Seals


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SEALS, matters of succession. On the death of a person, according to the laws of Louisiana, if the heir wishes to obtain the benefit of inventory, and the delays for deliberating, he is bound as soon as he knows of the death of the deceased to whose succession he is called, and before committing any act of heirship, to cause the seals to be affixed on the effects of the succession, by any judge or justice of the peace. Civ. Code, of Lo. art. 1027.
     2. In ten days after this affixing of the seals, the, heir is bound to present a petition to the judge of the place in which the succession, is opened, praying for the removal of the seals, and that a true and faithful inventory of the effects of the succession be made. Id. art. 1028.
     3. In case of vacant estates, and estates of which the heirs are absent and not represented, the seals, after the decease, must be affixed by a judge or justice of the peace within the limits of his jurisdiction, and may be fixed by him, either ex officio, or at the request of the parties. Civ. Code of Lo. art. 1070. The seals are affixed at the request of the parties, when a widow, a testamentary executor, or any other person who pretends to have an interest in a succession or community of property, requires it. Id. art. 1071.; They are affixed ex officio, when the presumptive heirs of the deceased do not all reside in the place where be died, or if any of them happen to be absent. Id. art 1072.
     4. The object of placing the seals on the effects of a succession, is for the purpose of preserving them, and for the interest of third persons. Id. art. 1068.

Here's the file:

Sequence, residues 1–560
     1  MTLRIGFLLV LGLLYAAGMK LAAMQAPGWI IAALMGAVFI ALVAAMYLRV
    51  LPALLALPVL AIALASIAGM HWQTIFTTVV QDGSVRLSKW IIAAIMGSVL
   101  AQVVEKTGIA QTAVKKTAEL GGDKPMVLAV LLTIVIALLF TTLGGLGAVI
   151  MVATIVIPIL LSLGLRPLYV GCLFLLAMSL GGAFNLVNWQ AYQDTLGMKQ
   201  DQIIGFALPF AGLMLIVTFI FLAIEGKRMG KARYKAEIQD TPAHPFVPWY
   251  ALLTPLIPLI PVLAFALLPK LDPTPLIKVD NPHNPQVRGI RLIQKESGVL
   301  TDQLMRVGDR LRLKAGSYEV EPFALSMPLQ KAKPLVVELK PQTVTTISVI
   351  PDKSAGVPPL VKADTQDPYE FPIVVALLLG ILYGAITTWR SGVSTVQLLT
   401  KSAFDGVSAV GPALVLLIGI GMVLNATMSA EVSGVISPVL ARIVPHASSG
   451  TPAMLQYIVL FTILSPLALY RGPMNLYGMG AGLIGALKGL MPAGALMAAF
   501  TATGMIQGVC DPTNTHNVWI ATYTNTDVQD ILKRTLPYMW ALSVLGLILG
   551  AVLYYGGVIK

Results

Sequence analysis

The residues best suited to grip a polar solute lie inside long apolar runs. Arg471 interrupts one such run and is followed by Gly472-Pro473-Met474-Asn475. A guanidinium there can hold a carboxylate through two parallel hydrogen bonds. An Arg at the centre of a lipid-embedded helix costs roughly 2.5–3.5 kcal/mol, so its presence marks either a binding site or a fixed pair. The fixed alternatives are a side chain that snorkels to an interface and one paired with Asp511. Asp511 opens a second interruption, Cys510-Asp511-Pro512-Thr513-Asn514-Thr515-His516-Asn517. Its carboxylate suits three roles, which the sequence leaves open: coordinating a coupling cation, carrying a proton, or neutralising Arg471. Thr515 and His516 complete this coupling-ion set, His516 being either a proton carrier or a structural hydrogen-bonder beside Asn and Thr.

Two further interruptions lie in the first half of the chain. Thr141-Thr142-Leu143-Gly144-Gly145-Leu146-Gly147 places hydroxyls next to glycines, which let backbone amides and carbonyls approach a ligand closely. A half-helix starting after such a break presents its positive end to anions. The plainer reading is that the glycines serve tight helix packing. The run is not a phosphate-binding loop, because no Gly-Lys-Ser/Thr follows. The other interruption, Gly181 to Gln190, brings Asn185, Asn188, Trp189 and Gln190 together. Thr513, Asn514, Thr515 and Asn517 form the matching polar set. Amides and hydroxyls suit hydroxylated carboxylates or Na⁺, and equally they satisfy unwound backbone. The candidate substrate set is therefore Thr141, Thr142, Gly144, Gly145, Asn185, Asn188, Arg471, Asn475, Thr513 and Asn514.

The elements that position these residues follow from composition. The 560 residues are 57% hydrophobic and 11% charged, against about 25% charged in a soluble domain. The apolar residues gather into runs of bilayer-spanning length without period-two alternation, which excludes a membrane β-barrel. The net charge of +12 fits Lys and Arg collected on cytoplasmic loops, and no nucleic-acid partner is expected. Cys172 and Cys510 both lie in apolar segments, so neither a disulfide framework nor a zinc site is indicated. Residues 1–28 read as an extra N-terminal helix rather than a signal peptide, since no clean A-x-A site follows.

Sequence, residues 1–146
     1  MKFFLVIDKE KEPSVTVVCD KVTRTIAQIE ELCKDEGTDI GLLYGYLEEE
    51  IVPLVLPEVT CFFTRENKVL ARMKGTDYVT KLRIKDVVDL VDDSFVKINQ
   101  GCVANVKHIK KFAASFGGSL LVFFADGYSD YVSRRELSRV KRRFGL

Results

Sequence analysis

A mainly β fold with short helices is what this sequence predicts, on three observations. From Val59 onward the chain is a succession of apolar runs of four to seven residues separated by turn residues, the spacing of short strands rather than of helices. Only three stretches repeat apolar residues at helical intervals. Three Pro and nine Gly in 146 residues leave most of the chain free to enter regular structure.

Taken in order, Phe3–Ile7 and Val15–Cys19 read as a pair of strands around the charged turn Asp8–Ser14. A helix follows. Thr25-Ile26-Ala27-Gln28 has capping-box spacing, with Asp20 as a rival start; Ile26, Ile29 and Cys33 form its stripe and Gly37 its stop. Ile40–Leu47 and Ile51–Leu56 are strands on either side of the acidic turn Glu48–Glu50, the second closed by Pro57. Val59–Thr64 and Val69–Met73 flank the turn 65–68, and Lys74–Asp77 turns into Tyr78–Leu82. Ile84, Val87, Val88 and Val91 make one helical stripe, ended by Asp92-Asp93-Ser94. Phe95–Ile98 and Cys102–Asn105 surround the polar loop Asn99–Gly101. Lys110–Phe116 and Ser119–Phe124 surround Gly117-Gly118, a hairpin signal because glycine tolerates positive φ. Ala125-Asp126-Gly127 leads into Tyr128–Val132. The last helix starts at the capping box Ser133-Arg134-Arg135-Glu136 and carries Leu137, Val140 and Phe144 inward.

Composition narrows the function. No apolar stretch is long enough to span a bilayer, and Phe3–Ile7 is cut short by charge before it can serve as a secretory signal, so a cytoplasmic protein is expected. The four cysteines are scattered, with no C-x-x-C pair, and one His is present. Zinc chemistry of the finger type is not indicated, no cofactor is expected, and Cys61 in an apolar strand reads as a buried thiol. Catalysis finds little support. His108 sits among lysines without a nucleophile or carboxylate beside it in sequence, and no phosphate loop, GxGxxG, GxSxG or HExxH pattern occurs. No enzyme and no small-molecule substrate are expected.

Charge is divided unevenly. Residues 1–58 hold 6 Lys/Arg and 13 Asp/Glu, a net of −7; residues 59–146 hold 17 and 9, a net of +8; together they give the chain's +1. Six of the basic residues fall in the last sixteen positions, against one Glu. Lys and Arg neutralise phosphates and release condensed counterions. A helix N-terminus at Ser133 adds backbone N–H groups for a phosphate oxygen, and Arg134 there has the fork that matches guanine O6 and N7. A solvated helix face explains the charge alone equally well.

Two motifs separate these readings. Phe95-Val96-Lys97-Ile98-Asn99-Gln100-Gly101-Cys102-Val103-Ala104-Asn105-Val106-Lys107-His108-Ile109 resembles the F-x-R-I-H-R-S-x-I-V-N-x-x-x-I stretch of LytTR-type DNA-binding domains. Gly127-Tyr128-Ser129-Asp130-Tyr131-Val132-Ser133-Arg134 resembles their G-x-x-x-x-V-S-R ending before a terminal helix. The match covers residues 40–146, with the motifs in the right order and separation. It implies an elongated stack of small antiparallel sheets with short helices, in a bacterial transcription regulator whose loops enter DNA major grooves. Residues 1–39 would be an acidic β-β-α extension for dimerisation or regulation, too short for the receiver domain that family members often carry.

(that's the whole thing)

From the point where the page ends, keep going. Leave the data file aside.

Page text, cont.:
5. The seals must be placed on the bureaus, coffers, armoires, and other things, which contain the effects and papers of the deceased, and on the doors of the apartments which contain these things, so that they cannot be opened without tearing off, breaking, or altering the seals. Id. art. 1069.
     6. The judge or justice of the peace, who affixes the seals, is bound to appoint guardian, at the expense of the succession, to take care of the seals and of the effects, of which an account is taken at the end of the proces verbal of the affixing of the seals; the guardian must be domiciliated in the place where the inventory is taken. Id. art. 1079. And the judge; when he retires, must take with him the keys of all things and apartments upon which the seals have been affixed. lb.
     7. The raising of the seals is done by the judge of the place, or justice of the peace appointed by him to that effect, in the presence of the witnesses of the vicinage, in the same manner as for the affixing of the seals. Id. art. 1084. See, generally; Benefit of Inventory, Succession; Code de Pro. Civ. 2e part. lib. 1, t. 1, 2, 3; Dict. de Jurisp. Scelle.

References in classic literature ?
Please put twenty notes of a thousand francs each into this envelope, seal it with your own seal and hand it to Mme.
From a little hill called Hutchinson's Hill, you could look over three and a half miles of ground covered with fighting seals; and the surf was dotted all over with the heads of seals hurrying to land and begin their share of the fighting.
Our ambuscade would have been intolerable, for the stench of the fishy seals was most distressing {45}--who would go to bed with a sea monster if he could help it?
To add to the delay he was to be paid for his cargo in seal skins.
To this will and testiment I set my hand and seal on this
Let me look the letter over, if you please, before we seal it up.
But he heard nothing, and so, judging from the impression of the seal and the lid, he thought there must be something precious inside.
I have a warrant from the Sheriff, sealed with the King's own seal, to take him where I can; and if you can tell me where he is, I will e'en make a man of you.
The night after the funeral, at which he had been sadly affected, Utterson locked the door of his business room, and sitting there by the light of a melancholy candle, drew out and set before him an envelope addressed by the hand and sealed with the seal of his dead friend.
Left alone, the cardinal seated himself again and wrote a letter, which he secured with his special seal.
It was directed in a hand to me unknown--small, and rather neat; neither masculine nor exactly feminine; the seal bore a coat of arms, concerning which I could only decipher that it was not that of the Seacombe family, consequently the epistle could be from none of my almost forgotten, and certainly quite forgetting patrician relations.
He had been out since early dawn at the seal-holes, eight miles away, and had come home with three big seal.